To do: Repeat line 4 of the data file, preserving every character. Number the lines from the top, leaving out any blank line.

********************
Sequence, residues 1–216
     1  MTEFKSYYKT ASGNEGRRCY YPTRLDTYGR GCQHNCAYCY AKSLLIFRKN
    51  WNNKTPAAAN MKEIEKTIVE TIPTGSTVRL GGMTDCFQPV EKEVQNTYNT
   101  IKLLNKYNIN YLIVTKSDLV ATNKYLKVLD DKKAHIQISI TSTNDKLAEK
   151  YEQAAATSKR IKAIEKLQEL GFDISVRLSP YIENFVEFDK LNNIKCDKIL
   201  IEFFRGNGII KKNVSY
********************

   101  IKLLNKYNIN YLIVTKSDLV ATNKYLKVLD DKKAHIQISI TSTNDKLAEK